Congress on a Comprehensive Iranian-Islamic Approach to Life Skills

Globally a growing body of evidence suggests that successful performance in school, work and life needs to be supported by a wide range of skills and values, the development of which should be fostered by education systems

Behnaz Andisheh Rad
 A group of educational experts discuss the life skills education
UNICEF Iran

18 February 2018

Developing tailored educational content based on the needs of the individuals and their society and having creative learning techniques in schools have the utmost importance in educating students.

Advisor to the Minister of Educatian, Dr Karimi

In a joint collaboration between the Ministry of Education and UNICEF Iran Office, 80 Iranian education experts representing the different deputies of the Ministry of Education attended a one day congress on a comprehensive Iranian-Islamic approach to life skills in Tehran on 18th February. Globally a growing body of evidence suggests that successful performance in school, work and life needs to be supported by a wide range of skills and values, the development of which should be fostered by education systems.

In his remarks in the opening ceremony of the congress, advisor to the Minister of Education and the Head of Center for International Affairs and Schools Abroad, Dr Gholamreza Karimi, said: “in today’s world, educational developments, including educational content and approaches, are changing rapidly to meet the students’ needs. In Iran, we should examine how and through which approaches our students receive basic education in schools and see whether such education fits the needs of the society and the required skills to enter the labor market.”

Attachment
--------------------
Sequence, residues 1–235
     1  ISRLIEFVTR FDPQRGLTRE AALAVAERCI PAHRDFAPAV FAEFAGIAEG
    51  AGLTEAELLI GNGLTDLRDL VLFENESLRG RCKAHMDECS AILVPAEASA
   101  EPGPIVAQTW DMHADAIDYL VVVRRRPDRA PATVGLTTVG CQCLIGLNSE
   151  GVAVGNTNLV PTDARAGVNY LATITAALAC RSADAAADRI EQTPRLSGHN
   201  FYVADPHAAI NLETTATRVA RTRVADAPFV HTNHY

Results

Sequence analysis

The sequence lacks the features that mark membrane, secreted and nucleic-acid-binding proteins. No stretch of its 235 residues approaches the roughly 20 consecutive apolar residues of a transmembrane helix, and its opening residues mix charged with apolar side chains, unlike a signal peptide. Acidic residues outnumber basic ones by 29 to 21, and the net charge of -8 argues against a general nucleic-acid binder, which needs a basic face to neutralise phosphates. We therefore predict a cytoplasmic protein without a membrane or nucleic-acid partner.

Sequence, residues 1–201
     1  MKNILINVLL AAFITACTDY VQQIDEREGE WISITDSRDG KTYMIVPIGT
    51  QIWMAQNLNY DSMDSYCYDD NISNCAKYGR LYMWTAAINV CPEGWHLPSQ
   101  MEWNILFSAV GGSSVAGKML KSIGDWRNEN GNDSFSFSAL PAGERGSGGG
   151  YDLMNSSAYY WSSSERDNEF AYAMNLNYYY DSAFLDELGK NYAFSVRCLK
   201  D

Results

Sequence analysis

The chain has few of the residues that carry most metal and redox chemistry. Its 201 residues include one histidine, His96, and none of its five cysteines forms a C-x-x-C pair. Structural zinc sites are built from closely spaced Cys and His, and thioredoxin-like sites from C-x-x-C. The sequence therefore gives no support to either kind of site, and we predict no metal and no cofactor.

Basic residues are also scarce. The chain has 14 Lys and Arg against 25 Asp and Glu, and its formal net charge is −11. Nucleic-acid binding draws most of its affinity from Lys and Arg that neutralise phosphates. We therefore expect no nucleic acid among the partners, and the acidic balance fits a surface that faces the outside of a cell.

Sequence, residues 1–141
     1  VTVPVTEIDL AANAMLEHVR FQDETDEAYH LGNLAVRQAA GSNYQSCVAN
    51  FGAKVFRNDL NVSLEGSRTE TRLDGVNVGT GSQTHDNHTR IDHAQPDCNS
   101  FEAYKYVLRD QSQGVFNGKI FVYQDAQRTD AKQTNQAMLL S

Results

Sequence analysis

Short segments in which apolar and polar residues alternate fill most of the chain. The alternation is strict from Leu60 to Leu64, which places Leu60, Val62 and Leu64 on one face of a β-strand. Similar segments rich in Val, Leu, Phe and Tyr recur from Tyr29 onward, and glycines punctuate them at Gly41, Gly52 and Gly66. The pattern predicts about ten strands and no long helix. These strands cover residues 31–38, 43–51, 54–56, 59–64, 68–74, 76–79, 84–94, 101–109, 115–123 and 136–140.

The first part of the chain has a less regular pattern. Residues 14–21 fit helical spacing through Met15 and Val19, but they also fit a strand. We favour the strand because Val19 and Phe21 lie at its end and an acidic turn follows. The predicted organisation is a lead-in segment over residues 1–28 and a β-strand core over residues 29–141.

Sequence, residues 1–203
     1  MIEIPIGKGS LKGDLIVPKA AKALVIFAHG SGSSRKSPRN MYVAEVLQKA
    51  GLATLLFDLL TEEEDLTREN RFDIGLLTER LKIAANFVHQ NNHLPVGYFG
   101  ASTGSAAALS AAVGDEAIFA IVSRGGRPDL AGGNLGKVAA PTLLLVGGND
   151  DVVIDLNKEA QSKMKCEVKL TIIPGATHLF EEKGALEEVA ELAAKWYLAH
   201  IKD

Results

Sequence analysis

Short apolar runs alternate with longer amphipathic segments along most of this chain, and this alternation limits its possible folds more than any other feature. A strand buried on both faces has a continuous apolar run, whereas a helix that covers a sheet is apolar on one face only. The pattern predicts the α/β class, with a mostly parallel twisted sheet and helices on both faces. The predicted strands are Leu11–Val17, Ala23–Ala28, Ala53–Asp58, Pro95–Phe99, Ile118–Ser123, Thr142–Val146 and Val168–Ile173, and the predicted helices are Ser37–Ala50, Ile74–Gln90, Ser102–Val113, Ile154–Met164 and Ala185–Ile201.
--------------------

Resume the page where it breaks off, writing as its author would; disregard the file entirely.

Dr Karimi acknowledged the efforts of the national educational system to include several life skills programmes into the educational curricular and added: “developing tailored educational content based on the needs of the individuals and their society and having creative learning techniques in schools have the utmost importance in educating students.” Referring to the economic growth opportunities, Dr Karimi stated: “Evidence suggests that incorporating relevant life skills education in the education system has the potential to increase the national GDP up to 10%.”

In his remarks on the congress, UNICEF Representative in Iran, Dr Will Parks, said: “In its value statement, Iran’s Fundamental Reform Document of Education puts special emphasis on four components: accountability, social participation, collective spirit and teaching the skills needed by society. It also highlights the importance of nurturing entrepreneurship, acquisition of effective general vocational skills and artistic qualifications for acquiring productive jobs. Through this workshop and beyond, UNICEF expresses its readiness to continue to support the Ministry of Education in achieving national priorities.”

 

Today, children, youth and all learners in the Middle East and North Africa region face unprecedented challenges in terms of learning, employment and social cohesion, aggravated by a context of conflict. For this reason, the increasing numbers of education opportunities in the Middle East and North Africa (MENA) region have yet to translate into economic growth. The one day congress on a comprehensive Iranian-Islamic approach to life skills was held in the Ministry of Education’s Shahid Bahonar complex in Tehran on 18 February focusing on an Iranian-Islamic approach to life skills in the national educational system. 

 

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